I sit tall in Dandasana — a pose I would always blow by, because — why not? I mean, you’re just sitting there for eight breaths, right?
“Do you want to be a good teacher or a popular teacher?,” you would always ask. I understood the buried meaning, but found myself impishly responding, “Both!”
In those eight long breaths in Dandasana, I contemplate the past 15 years, my career. I always made it a priority to reach out to you twice a year, whether I could see you or not, to let you know how much I owe you, love you, and will always honor you. I was the candle and you were the flame. I think: I hope I’ve made you proud. I hope my people can see you, feel you, through my teaching.
I jump into Triang Mukha Eka Pada Paschimottonasana (yes, it’s been long enough that I had to Google its name). I once flew into this pose with the grace of a swan. Now I land with the awkward thump of a duckling. I adjust my half-hero leg and extend my torso into the forward fold.
“Why can’t I get my outer hip down and reach my foot?,” the flustered 21-year old version of me asked you.
I would place a block under my hip, a strap over the ball of my foot: a modified version of the pose that suited my body. I diligently executed your directions and looked to you in anticipation of praise.
“Marginally better,” you cooed with a half-cocked smile. That was your classic statement — marginally better — at the end of any valiant attempt. Tough love on the outside; the biggest heart on the inside. We all felt it. You never had children, but you had us. An unruly bunch fit for the ensemble of Annie, but with hearts bursting for your maternal affection. You gave me family in a time that I was desperately searching for it. You disciplined me like a proud mother who always saw their child’s potential, laughed with me like a sister, and reminded me to stay open, curious and tender like a child.
On my mat at home, the practice moves on to my once signature pose: Bhujapidasana. I execute the posture with ease.
I’ve still got it. You would be proud.
I’m feeling confident and attempt the transition of lowering my forehead to the ground (and ideally pulling back up). My head meets the ground with a resounding thud, and I get back up again, but only after I untangle my shape in the wake of my failed attempt — just like I did hundreds of times before, when you first taught me this transition. I would wait for you — bum in the air, ankles somehow tangled near my head as I gazed in-between my arms at an unnatural angle — to come save me from myself. You would always coach me out (or physically maneuver me back to softer pastures), somehow preserving my pride, and then in a half joking, half earnest way leave me with, “Now contemplate god.”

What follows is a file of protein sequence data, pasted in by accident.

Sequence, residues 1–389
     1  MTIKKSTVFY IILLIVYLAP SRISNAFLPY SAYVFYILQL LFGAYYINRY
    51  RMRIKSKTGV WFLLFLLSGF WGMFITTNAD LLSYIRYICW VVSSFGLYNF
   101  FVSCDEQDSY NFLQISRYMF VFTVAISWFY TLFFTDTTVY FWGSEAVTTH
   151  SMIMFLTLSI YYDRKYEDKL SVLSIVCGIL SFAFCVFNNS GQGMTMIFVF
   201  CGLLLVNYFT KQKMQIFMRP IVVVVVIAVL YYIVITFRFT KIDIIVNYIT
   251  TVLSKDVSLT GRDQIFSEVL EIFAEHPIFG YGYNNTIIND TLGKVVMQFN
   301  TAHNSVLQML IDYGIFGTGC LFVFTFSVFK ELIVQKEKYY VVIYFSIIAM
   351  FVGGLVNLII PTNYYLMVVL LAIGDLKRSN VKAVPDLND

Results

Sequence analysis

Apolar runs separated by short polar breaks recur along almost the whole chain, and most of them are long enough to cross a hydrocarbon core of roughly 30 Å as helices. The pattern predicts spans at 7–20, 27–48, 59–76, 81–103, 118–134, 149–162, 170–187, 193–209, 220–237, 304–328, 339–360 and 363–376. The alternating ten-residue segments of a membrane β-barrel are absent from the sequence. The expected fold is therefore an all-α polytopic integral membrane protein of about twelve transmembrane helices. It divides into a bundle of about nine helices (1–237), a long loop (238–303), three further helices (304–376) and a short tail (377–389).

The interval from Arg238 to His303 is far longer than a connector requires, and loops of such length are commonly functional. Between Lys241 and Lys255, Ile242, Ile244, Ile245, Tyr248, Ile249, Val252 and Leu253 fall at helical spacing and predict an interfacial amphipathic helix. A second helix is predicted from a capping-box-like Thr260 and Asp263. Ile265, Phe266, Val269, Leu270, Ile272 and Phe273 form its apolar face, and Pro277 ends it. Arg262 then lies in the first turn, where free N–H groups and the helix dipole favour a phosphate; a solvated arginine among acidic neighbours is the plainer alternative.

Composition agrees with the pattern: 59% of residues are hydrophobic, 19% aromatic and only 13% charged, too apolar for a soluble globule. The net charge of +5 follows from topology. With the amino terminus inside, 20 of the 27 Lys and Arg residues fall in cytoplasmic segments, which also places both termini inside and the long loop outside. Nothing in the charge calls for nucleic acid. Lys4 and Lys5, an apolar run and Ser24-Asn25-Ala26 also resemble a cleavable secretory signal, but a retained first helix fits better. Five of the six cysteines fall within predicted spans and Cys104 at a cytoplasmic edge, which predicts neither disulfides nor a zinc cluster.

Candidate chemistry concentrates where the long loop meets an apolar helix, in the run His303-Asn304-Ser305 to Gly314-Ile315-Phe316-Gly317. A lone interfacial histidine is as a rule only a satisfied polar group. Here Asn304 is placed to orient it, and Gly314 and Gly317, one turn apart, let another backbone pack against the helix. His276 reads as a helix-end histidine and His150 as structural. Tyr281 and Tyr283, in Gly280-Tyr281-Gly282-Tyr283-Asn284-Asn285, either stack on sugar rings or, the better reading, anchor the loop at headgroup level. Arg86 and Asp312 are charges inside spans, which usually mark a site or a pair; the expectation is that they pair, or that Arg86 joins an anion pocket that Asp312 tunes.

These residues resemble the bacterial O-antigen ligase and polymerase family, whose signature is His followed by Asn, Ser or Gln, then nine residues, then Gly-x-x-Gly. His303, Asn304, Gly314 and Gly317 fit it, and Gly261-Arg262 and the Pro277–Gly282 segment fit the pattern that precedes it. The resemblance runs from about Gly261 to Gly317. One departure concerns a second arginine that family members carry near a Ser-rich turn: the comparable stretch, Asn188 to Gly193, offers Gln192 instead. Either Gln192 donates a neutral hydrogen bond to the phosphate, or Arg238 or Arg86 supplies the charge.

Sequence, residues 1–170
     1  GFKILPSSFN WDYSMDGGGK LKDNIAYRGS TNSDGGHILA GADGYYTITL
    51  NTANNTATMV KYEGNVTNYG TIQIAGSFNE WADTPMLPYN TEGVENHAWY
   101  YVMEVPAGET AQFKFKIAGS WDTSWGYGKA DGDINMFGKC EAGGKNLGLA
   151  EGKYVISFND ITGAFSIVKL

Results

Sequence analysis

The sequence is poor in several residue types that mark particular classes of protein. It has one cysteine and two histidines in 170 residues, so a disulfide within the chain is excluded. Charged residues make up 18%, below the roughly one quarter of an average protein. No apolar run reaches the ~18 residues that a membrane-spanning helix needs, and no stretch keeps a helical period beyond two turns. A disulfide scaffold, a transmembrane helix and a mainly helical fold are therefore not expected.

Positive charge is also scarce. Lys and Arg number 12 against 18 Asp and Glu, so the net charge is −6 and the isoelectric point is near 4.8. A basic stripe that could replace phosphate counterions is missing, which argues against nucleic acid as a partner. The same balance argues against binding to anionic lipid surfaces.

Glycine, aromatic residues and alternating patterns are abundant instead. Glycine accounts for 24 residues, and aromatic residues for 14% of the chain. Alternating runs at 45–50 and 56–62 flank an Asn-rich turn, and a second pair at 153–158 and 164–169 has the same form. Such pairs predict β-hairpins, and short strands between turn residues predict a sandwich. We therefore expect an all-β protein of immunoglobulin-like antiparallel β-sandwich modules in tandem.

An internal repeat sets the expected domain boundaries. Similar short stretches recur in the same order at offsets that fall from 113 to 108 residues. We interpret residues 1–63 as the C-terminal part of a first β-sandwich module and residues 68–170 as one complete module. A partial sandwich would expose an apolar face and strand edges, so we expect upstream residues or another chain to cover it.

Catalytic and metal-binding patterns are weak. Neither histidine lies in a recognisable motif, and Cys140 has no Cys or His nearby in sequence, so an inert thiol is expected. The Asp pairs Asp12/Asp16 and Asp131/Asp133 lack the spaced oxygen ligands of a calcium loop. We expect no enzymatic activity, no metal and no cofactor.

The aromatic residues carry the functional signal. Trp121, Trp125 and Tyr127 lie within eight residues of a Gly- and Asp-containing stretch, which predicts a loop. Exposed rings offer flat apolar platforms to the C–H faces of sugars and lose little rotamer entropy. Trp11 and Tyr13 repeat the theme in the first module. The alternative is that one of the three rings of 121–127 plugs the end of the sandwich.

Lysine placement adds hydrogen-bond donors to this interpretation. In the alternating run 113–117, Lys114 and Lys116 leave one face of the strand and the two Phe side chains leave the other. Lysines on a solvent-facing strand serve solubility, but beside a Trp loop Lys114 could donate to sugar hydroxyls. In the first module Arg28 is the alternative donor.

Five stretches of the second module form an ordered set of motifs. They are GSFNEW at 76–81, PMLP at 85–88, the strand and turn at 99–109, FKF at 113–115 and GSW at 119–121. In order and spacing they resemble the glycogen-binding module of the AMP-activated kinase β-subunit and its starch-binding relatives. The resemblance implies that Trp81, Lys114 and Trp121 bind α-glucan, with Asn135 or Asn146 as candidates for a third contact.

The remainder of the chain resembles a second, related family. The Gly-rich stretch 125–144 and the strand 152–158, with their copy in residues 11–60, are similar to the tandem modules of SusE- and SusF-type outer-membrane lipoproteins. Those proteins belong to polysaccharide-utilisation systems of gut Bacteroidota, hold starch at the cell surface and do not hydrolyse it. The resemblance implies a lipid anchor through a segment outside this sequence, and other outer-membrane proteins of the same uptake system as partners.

Contemplate god. Are you with god now? Are you helping her with the external rotation of her arms? Maybe she wears her hair in braids like you do? Or was god inside of you, inside of me, or living somewhere in the space between my head and the ground every time I tried to learn and grow.
I finish the rest of the seated series with my own modifications and cuts (you did teach me to listen to my body), kick up into a few handstands (you never would let me take off that damn strap to train my shoulders properly; so, yeah … actually … thank you for that), and enter into my three Urdhva Dhanurasanas.
I don’t practice drop backs anymore, but I can remember practicing them with you like it was yesterday. Your tiny frame bracing my only slightly larger frame, holding my hips and shooting off an artillery of preparatory cues: Ground your legs! Firm your hips! Heels down …. down! Now chest up. Lift your heart more. Open! More … mooooore … MORE!
That lesson will never escape me. You may have wanted my physical chest open, but I will always remember something deeper: that you can never open your heart too much. Never.
I methodically move though the finishing poses and make my way into Savasana.
“You can always judge how successful your class was by the quality of your student’s Savasana.”
I try to take a deep breath, but I can’t.
I lie restless in Savasana, corpse pose — the final pose of class and symbolic posture ending this cycle of life. Something I’ve practiced a thousand times without a second thought, but today, reality hits.
The tears flood my eyes.
Here I am, in Savasana — something you have already mastered — without you.
You, Maty Ezarty — mother of yogis — are gone.
photo: DJ Pierce